The other day, I was talking to a friend about the need to win. Not winning in business or in sports, but the need to win in every game we play. No matter who is our opponent. No matter what is in our way. Even when it is our own flesh and blood.
A guy enjoying another winning moment. Source:ABC news
My oldest son is in second grade and at his school learning Chess is mandatory. This is awesome not only because he gets to learn strategic thinking from a young age, but also because part of his homework is to play. With no older brothers or sisters, and with his mother totally clueless about Chess, I must be his domestic opponent.
And what I find most difficult in this situation, is not winning all the time.
Winning is in our blood. You could argue that it’s a male thing. Genetics and history taught guys they need to conquer, pillage and destroy, or they will be the ones conquered, pillaged and destroyed. You’re kind of right.
Women do tend to be much more relaxed about it. They can live with losing one or two rounds of chess, which in the grand scheme of things really means nothing. But guys? losing?? To a child???
Science tells us that from a pure biological perspective, winning has the same effect on women and men, humans and animals alike. Genetics means nothing – success releases Testosterone and ramps up the brain’s chemical messenger dopamine’s activity. This Dopamine rush makes winning and succeeding as rewarding as winning the lottery, getting a raise or having sex.
This rewarding mechanism is an important biological factor which makes the strong stronger and confident, so they can get the lion share of everything – sex, food, social status.
By contrast, losing starts a terrible reaction. When we lose, the first thing that we fear is what other members of our group may think of us. We fear that we may lose our social status. Losing may lead to what scientists call a Social-Evaluative Threat (SET), which in terms of neurological reaction is worse than financial insecurity, health worries, work strains and pressures and even the fear of death.
A girl after losing too many times.
So when we have a chance of winning we will almost certainly act on it. When we have a chance of losing, our brain will almost always sharpen our skills and senses to avoid the dreaded SET. Why almost? Because like in the case of all primary instincts, this is where socialization kicks in. Just like we don’t have sex with everyone we know, there are norms, routines and social costs to pay that may prevent us from acting on our most intimate desires.
Because we live in modern and (generally) sophisticated society, our need to win is more affected by social norms than by our genetics and hormones. We want to win because winning makes us feel good. But we don’t want to act upon it if the perceived social cost is too high.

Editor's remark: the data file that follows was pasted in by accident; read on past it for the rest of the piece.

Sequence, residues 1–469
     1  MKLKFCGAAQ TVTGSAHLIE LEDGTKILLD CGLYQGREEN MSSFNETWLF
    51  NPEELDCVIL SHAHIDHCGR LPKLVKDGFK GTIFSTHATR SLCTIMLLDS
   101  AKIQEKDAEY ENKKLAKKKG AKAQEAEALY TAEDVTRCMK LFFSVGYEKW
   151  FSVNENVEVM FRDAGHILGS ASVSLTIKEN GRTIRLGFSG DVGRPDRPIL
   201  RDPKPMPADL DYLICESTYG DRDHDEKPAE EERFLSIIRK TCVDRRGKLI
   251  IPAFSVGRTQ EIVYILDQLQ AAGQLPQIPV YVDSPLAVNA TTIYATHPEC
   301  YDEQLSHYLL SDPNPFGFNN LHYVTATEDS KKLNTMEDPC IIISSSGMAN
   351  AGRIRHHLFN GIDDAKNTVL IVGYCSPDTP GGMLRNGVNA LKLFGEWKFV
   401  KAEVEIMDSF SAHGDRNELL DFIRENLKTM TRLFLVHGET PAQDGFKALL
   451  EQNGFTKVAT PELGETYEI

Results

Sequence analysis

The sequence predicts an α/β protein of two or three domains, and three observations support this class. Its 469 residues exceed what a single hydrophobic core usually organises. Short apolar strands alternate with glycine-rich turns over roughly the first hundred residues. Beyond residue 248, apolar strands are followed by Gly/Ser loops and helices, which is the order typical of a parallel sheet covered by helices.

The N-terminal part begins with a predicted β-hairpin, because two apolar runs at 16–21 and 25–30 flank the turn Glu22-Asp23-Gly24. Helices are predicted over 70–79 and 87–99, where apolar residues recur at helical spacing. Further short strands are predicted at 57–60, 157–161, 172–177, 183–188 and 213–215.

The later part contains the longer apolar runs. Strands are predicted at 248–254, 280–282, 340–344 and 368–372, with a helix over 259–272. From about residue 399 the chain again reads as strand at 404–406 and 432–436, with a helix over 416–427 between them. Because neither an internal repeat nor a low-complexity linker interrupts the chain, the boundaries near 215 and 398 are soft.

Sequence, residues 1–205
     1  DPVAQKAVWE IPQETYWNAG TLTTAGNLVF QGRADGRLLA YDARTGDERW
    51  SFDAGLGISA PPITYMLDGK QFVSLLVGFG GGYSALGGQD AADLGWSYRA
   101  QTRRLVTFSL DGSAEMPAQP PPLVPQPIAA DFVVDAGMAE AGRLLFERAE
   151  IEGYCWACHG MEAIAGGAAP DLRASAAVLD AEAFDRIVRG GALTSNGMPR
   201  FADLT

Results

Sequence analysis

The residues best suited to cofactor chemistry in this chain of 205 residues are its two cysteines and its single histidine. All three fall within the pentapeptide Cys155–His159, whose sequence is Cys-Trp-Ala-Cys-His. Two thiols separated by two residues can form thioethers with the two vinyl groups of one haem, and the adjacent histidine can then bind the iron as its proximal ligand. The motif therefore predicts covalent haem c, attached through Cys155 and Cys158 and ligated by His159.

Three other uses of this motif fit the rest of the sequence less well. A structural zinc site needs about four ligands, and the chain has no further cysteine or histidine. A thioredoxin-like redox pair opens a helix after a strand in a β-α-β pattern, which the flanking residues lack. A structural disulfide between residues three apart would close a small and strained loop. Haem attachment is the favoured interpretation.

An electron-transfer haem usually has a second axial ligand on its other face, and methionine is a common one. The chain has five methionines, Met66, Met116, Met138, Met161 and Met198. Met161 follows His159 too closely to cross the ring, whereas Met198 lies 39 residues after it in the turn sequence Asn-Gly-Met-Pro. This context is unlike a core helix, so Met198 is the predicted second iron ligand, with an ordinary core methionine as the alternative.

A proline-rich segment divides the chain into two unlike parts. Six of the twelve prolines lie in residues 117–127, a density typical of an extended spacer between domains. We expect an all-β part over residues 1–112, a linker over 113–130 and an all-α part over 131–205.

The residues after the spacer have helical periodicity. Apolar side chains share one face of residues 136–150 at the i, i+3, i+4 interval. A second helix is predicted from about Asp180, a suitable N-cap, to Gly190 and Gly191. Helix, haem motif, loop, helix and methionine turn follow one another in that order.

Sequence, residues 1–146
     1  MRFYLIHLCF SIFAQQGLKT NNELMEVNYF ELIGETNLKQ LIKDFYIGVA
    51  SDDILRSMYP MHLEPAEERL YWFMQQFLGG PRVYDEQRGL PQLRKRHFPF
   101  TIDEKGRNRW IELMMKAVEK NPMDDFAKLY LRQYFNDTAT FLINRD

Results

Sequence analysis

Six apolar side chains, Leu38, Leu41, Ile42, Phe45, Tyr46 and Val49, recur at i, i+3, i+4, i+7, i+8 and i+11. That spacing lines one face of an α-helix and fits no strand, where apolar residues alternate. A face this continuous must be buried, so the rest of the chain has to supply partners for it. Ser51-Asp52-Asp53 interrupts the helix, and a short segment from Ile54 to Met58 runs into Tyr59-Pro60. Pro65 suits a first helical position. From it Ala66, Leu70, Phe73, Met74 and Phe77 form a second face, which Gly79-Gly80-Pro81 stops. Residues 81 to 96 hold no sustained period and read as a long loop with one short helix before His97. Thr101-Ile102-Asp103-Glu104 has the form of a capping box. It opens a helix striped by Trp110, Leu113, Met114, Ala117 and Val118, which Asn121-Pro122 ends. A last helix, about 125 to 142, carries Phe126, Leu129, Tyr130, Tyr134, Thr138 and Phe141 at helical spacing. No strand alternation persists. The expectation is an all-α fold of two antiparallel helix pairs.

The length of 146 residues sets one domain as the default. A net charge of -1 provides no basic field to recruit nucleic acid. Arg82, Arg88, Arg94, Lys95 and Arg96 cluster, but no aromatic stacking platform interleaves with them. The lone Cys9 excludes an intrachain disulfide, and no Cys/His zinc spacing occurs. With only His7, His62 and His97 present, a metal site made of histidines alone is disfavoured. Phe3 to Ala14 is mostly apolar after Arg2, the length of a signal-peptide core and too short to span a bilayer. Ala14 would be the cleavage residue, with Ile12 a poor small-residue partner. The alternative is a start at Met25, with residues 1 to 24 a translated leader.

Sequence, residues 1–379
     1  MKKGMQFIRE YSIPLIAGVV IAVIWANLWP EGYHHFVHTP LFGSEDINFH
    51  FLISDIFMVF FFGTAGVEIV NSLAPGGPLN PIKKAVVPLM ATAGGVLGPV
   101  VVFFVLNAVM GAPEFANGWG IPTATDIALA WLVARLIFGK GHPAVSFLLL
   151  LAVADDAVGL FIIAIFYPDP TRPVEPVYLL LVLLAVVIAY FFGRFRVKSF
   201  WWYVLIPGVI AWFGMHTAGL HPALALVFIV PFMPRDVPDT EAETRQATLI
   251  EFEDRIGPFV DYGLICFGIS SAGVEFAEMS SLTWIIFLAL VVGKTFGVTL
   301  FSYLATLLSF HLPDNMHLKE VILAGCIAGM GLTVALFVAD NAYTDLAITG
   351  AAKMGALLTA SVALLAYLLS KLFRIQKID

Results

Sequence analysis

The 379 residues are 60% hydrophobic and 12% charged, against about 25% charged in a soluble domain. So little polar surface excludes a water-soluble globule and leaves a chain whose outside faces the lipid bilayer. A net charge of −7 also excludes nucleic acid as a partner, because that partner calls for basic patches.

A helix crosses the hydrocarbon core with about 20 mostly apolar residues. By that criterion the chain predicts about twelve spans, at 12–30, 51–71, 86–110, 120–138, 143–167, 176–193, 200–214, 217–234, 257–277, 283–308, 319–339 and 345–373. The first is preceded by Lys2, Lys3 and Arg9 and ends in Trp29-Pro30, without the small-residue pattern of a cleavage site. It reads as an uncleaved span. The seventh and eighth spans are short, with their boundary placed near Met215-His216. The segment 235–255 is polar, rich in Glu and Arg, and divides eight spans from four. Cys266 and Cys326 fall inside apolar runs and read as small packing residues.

This may be a rough generalization, but women are usually nurtured to be empathetic, while men are usually nurtured to “go for it.” Women might think, “I’ll hurt her feelings by winning too often or too many times. I should let her win this round.” Men won’t think. They will act to win, no matter what.
Here comes the dilemma. On one hand, when you play with your kid - boy or girl - you want to instill this need to win in their head. You know that even a small taste of that dopamine rush will create a crave for more and build their confidence - you know this will be good for them. On the other hand, this means losing yourself.
When we are fully engaged in a game it won’t happen unless we are doing it intentionally. And in most cases, kids are smart enough to know that we did it on purpose.
So, is this the right thing to do? What message are we sending by losing? Alternatively, what message are we sending by winning all the time?
I’m happy to quote here a well-known psychologist or a life-coach saying that you should choose one strategy and stick to it. But the truth is, that there is ‘right’ way to act in this case.
If your kid loses all the time, there’s a good chance they will lose interest in that game. As mentioned in previous posts, play is about developing new or existing skills. When a kid plays, and nothing seems to improve his or her skills, the game becomes less attractive.
But if they win all the time, their brain knows that they have all the necessary skills to win, so there’s nothing left to learn. They will lose interest again.
When we developed the first prototype of OneByTwo’s Archipelago, the rules were so simple, that my son beat me in the first, second, third and fourth rounds. We had to tweak and adjust the rules and even the board, so it would be more challenging to players. But now, I can’t get him to play with the new rules, because the game seems just like the one he mastered so quickly.
Just like any other decision we make as parents, we must find the right balance for playing and winning. Preventing our kids from experiencing aggressive opponents is over-protecting them.
There’s now mounting psychological evidence that dealing with failure, frustration and even anger is an important part of growing up. Several decades of positive-thinking have made parents and kids helpless in the face of negative feelings, and what now looks like a depression epidemic.
My main insight here is to use your playtime to teach kids the game of life – you win some and that makes you feel great, but it doesn’t make you invincible nor perfect; You lose some, but it doesn’t make you weak nor helpless.